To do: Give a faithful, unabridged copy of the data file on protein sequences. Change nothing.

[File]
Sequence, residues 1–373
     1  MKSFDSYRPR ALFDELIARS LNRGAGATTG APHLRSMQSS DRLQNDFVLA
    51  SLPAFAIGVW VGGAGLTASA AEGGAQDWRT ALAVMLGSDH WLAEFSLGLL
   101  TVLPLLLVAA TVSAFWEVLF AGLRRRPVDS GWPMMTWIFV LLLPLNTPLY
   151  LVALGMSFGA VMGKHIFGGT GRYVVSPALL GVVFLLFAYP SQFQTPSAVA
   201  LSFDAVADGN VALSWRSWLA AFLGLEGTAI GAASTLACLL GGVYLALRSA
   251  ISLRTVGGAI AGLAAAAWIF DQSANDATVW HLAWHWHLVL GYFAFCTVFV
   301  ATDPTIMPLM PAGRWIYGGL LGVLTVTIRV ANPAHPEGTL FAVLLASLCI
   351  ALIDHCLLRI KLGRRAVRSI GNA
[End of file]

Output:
Sequence, residues 1–373
     1  MKSFDSYRPR ALFDELIARS LNRGAGATTG APHLRSMQSS DRLQNDFVLA
    51  SLPAFAIGVW VGGAGLTASA AEGGAQDWRT ALAVMLGSDH WLAEFSLGLL
   101  TVLPLLLVAA TVSAFWEVLF AGLRRRPVDS GWPMMTWIFV LLLPLNTPLY
   151  LVALGMSFGA VMGKHIFGGT GRYVVSPALL GVVFLLFAYP SQFQTPSAVA
   201  LSFDAVADGN VALSWRSWLA AFLGLEGTAI GAASTLACLL GGVYLALRSA
   251  ISLRTVGGAI AGLAAAAWIF DQSANDATVW HLAWHWHLVL GYFAFCTVFV
   301  ATDPTIMPLM PAGRWIYGGL LGVLTVTIRV ANPAHPEGTL FAVLLASLCI
   351  ALIDHCLLRI KLGRRAVRSI GNA